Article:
User ID:

Remember me
Lost password?

Monday Manifestos
In Honor of Mike Grgich

By Charles Olken

I am headed up to wine country in a few minutes to attend a small birthday party for Mike Grgich at the winery that bears his name, Grgich Hills. Mike is rounding into his 91st year, which means, of course, that we will gather to celebrate his 90th birthday.

The party itself is not really the story here, and while this column has no intention of a becoming a full biographical sketch, it does intend to look at some very special things that Mike accomplished. You probably know the big picture here, and if you don’t, you can bet the wine pages this week will be able to fill you in.

My fascination with Mike Grgich is not that he authored a great wine that won a famous tasting in Paris. That story has been told and told and told, and while it is one of those wonderful watershed moments in the history of California wine and in the history of Chardonnay itself, I reference it here for its role in creating the legend of Mike Grgich. Without that particularly fateful event, Mike Grgich would still be a great winemaker, and, indeed, already was a great winemaker. That event, however, was no random accident.

We associate Mr. Grgich with the Napa Valley. Yet that winning wine was from the Russian River Valley long before we knew that the area would make superb wines with Burgundian grapes. In the early 1970s, Chardonnay was still mostly the province of the Napa Valley proper, and yet here was a wine, crafted by genius from grapes whose provenance was virtually unheard of at the time. The wine, of course, bore the Chateau Montelena label and that winery, regardless of how good its wines may have been over time, was able to build on the success that Mike Grgich brought them with grapes that he knew had good acidity and well-focused fruit. That, my friends, is genius.

It is also the reason why Austin Hills, heir to the Hills Coffee fortune, went into business with Mr. Grgich and put the Grgich name on the winery. That is the second part of the legend. We certainly know of wineries that bear the name of the owner, and it does not matter whether that owner is the moneyed creator like a Garen Staglin or a D. R. Stevens or Cliff Lede or whether that owner is a winemaker who found a way to build his own brand like a Joe Heitz or a Paul Hobbs or a Rick Longoria. There may be another winery somewhere in which the creation took on the name of the winemaker as a way of honoring that person’s genius, but, if so, those honors are few and far between.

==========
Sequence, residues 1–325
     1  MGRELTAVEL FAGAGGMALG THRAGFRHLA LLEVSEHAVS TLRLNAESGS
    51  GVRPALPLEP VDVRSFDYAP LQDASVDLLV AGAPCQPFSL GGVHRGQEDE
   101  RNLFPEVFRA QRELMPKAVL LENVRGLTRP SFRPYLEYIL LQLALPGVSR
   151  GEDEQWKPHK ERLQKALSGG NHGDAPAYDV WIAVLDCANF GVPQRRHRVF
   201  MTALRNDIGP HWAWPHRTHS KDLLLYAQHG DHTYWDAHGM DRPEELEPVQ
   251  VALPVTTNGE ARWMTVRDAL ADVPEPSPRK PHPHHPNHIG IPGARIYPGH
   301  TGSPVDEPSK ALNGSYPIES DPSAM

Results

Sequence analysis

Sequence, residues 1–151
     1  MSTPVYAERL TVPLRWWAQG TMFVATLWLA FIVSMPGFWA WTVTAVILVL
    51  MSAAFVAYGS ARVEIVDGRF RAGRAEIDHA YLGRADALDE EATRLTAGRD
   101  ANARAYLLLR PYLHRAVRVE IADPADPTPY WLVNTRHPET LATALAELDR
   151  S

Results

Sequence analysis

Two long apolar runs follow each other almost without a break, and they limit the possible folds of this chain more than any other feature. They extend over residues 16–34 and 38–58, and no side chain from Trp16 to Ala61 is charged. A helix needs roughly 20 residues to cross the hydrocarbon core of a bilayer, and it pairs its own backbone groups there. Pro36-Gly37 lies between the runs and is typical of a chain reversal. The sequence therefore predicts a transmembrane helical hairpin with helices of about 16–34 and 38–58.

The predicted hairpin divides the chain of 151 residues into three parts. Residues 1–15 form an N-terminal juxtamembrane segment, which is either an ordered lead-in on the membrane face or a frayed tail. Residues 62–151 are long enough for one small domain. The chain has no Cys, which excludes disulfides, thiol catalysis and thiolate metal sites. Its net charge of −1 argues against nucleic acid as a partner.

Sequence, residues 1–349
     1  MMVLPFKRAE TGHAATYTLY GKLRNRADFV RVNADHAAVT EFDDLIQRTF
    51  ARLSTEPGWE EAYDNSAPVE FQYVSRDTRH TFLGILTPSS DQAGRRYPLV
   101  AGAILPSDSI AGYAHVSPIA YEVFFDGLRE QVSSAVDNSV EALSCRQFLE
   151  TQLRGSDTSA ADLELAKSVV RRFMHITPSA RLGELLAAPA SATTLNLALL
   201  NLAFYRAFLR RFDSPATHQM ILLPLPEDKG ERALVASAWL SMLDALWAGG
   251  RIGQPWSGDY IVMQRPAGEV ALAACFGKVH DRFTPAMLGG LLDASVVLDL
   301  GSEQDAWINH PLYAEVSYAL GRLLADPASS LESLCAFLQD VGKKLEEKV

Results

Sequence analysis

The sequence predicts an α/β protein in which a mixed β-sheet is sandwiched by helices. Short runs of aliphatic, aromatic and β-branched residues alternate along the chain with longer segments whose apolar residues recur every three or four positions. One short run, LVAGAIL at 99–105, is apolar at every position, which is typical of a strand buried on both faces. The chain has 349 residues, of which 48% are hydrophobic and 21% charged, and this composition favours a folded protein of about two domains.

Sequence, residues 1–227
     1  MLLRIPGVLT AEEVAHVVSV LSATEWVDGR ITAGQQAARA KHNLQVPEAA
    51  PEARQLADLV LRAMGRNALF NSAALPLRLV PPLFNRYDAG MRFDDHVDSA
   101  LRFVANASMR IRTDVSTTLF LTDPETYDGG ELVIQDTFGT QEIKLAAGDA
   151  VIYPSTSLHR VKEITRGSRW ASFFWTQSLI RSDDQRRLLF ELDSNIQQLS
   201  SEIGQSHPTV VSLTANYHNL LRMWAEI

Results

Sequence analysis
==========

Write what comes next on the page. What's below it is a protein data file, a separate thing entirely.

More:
I like to think of Mike Grgich not for those first two examples of genius in action and genius uniquely recognized. It is the wine of Mr. Grgich that intrigues me the most. To be sure, working at a medium-sized winery makes demands on production that do not always result in brilliance. I am not so concerned with that as I am with the incredible wines that come with the kind of inner beauty and balance that they have lived for years past what we might expect of them if measured by their peers.

We have, at Connoisseurs’ Guide, conducted tastings of well-aged wines across the nearly four decades of our existence. We proved early on that California Cabernet would age brilliantly despite the skepticism that greeted the emerging new brands in the late 60s like Heitz, Ridge, Chappellet and others. That knowledge is now common wisdom shared by all except those who think Cabernet begins and ends in Bordeaux. It was not until we had been able to study well-aged Sauvignon Blanc and Zinfandel that we begin to realize the genius at work in the wines crafted by Mr. Grgich. When his versions of those varieties began outliving their peers, it was clear that he knew something that most others did not.

The legend of Mike Grgich is broad and dotted with far more success than I have mentioned here, but I and CGCW will long remark on his accomplishments that extend the beyond the obvious. For it is not in the winning of one tasting that genius is measured but in the many, varied and important contributions that have helped shape the California wine industry as we know it. For those reasons, we are delighted to stand with those who will gather today to honor Mr. Grgich.


The CGCW Experience - Take the Tour

Meet the New CGCW

For thirty-five years, Connoisseurs’ Guide has been the authoritative voice of the California wine consumer. With readers in all fifty states and twenty foreign countries, the Guide is valued by wine lovers everywhere for its honesty and for it strong adherence to the principles of transparency, unbiased, hard-hitting opinions. Now, it is becoming the California winelover’s most powerful online voice as well. And, our new features provide an unmatched array of advice and information for aficionados of every stripe.


Mike Grgich
by doug wilder
Posted on:4/9/2013 4:43:05 PM

I remember when I first got into the wine business in 1990, the shop I worked at had at least 100 different Chardonnay on the shelf including some early favorites like Patz & Hall, Talley and Babcock. However, the only one we carried in multiple vintages was Grgich Hills and I think it was seven or eight at the peak. They aged very well and were not that expensive. In the last two decades I think they have not changed much except likely increasing production and by doing that may miss those in search of the smaller brands. Estate bottled Chardonnay for $40 is worth checking out, I think.

Leave a comment below, but please limit your comments to 1,200 characters or less. We find it helpful to make a copy of our comments to be sure that they fit. In that way, you can edit them if they run long.

(Please note: your e-mail address will not be visible after posting)



Note: Refresh your browser to see your latest comments.

Having technical problems with the comment system? Click here.